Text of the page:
All right, who out there put the curse on poor Shane Burcar?
Burcar is the coach for Northern Arizona, and considering what’s been going on with his basketball team, he’s lucky he hasn’t been hit by a meteorite. Maybe you saw the latest piano to fall on his head Saturday.
Northern Arizona was at home against Portland State and down 86-78 with 81 seconds left, but the Lumberjacks then went on a 9-0 tear to apparently win 87-86 on Liam Lloyd’s 3-pointer at the buzzer. Celebration time! Except replays showed it wasn’t quite at the buzzer. The decision was made to put .4 seconds on the clock, which isn’t much but long enough for Portland State’s Hunter Woods to throw a court-length Hail Mary pass and for Isaiah Johnson to leap up and catch it and more or less shove it toward the goal 12 feet away. Volleyball spikes almost take longer. It banked in. Northern Arizona lost 88-87.
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“That’s heartbreak hotel right there,” Burcar said afterward. “I’ve never seen anything like that in my life.”
Oh, if only it were a one-shot misery for his Lumberjacks.
Go back to Nov. 12. The season was not yet a week old when Northern Arizona took current WAC leader Utah Valley to the wire before losing 73-69. That was only the beginning.
On Dec. 10, the Lumberjacks played Utah Valley again — a rare second meeting for teams in different conferences — and came roaring back from 11 points behind in the second half to tie. But then lost in overtime. “You always live in the moment when you’re building for the season but it’s tough on a Saturday when you fight like that,” Burcar said that night.
A week later, Northern Arizona went to Southern Utah. The Lumberjacks lost 106-101 in overtime even though they had 10 more field goals and junior guard Jalen Cone scored 45 points. How? The hometown Thunderbirds had a 42-13 gap in free throws. Burcar that night: “It hurts. We had a four-point lead in overtime and couldn’t hold it. To state the obvious, 51 free throw attempts to 21 free throw attempts, that’s going to be hard to overcome no matter what you do.”
On. Jan. 12 Northern Arizona traveled to Portland State. The Lumberjacks rallied from 17 points down and were ahead by six points with 28 seconds left. Then they missed four consecutive free throws. Hunter Woods hit one 3-pointer for Portland State and then another at the buzzer to beat Northern Arizona. The same Hunter Woods who a month later would throw a fullcourt pass so Isaiah Johnson could beat Northern Arizona at the buzzer again. Burcar on another nightmare: “I feel for our guys and I feel for everybody involved.”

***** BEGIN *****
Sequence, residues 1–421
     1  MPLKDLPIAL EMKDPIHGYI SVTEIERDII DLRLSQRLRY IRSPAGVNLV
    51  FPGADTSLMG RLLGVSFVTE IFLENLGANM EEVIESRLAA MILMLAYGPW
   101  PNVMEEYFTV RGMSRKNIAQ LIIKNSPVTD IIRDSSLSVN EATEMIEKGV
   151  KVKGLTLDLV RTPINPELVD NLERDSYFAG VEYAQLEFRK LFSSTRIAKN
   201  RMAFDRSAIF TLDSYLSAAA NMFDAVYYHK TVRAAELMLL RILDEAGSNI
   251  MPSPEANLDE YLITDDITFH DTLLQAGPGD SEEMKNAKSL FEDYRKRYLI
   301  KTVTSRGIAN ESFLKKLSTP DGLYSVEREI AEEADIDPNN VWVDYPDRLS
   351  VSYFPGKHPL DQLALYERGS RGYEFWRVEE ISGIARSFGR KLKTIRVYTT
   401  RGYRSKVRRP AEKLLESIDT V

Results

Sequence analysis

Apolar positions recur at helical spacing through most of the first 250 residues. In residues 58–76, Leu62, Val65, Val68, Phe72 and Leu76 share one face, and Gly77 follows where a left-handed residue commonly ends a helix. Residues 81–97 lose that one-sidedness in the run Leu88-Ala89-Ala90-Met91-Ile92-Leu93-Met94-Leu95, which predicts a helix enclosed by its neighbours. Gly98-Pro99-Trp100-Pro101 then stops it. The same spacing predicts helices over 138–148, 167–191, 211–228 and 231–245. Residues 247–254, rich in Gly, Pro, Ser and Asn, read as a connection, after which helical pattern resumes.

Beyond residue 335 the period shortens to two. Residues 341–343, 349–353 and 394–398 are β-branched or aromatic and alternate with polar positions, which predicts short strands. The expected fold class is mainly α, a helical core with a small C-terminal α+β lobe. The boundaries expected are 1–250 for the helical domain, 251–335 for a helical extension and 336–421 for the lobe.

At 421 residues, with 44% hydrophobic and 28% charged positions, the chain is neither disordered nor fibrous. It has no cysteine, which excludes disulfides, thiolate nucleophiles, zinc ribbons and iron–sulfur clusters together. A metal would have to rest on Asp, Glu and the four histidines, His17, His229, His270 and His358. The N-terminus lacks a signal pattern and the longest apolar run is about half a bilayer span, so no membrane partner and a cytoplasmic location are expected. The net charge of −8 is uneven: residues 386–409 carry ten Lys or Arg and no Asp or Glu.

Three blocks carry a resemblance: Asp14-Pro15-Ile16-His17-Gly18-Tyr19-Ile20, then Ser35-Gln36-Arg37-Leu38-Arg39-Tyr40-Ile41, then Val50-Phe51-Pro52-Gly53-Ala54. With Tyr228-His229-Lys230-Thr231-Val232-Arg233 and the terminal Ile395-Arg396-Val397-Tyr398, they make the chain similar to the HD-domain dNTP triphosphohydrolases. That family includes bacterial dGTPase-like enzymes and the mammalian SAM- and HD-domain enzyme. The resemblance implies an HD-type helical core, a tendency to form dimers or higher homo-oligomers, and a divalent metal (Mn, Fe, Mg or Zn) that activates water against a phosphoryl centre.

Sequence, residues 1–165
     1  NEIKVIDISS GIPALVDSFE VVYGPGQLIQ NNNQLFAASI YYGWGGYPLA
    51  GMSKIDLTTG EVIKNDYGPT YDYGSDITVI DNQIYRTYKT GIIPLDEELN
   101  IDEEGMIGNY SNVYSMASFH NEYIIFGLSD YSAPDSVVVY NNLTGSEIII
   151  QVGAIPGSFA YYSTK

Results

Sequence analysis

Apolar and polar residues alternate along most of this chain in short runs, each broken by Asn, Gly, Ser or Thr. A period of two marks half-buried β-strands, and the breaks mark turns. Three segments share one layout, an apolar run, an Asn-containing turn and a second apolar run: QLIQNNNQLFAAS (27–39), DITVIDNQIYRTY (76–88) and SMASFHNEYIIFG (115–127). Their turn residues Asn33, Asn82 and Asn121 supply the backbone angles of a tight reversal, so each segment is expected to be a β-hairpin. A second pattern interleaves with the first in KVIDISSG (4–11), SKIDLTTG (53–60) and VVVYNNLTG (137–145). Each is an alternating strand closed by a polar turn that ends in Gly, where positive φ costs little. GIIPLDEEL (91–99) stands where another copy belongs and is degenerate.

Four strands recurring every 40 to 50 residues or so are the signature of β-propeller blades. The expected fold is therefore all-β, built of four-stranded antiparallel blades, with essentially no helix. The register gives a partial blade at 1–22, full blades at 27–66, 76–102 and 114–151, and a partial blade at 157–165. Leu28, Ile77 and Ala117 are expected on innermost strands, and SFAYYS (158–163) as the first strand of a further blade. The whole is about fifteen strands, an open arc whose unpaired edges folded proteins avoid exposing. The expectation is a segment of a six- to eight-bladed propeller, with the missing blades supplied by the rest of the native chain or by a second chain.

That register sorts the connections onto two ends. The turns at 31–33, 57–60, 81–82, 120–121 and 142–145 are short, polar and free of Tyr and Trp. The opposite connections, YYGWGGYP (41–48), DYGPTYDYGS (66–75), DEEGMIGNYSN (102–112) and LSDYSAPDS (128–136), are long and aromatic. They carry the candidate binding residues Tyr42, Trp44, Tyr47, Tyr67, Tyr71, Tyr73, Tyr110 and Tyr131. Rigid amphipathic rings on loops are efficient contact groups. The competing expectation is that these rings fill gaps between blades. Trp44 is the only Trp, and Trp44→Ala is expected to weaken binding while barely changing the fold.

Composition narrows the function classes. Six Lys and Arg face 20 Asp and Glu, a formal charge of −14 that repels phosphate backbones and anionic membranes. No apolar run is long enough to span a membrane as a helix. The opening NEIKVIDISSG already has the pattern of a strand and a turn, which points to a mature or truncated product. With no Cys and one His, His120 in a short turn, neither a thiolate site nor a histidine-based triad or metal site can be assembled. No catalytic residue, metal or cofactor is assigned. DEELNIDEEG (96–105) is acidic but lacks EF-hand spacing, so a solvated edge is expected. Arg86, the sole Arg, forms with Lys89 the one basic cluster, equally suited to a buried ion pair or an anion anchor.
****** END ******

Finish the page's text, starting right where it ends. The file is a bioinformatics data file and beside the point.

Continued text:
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On Jan. 14, Northern Arizona lost by three points at Sacramento State.
On Jan. 19, the Lumberjacks lost by five points at home to Idaho. Two days after that, they were beaten by three points by Eastern Washington, letting go of a five-point lead with under three minutes to go.
The month soon changed. Northern Arizona’s luck did not.
On Feb. 2, the Lumberjacks lost in the last three seconds by one point at Montana State.
Two days later, they lost in the last 11 seconds by one point at Montana. “We have to get better at the end of the game, and I’m putting that on me,” Burcar said that day. “You sit in a hotel room for 12 hours and try to figure out how to win a game at the end.”
Two days after that, they went home and led Idaho State for 30 minutes. But after 40 minutes, they had lost by five. “Here we go again, sitting here,” Burcar said afterward. By then, he and his players had to think it couldn’t possibly get any worse.
Oh, but it could. And did when the clock read .4 seconds Saturday and Portland State pulled off one of the improbable, unfathomable plays of the season. A one-in-a-thousand play.
Against Northern Arizona of course. Is there a Shane Burcar voodoo doll somewhere with pins stuck in it?
“I thought we’ve been getting better defensively,” he said Saturday. “Hopefully this is just a setback.”
So the Lumberjacks are 7-20. They’ve won some close finishes but 11 of their defeats have come by a total of 34 points. They twice led Portland State with one second to go, and lost both games. They might be last in the Big Sky and No. 266 in the NCAA’s latest NET ratings, but they’re No. 1 on the list of teams who deserve a break.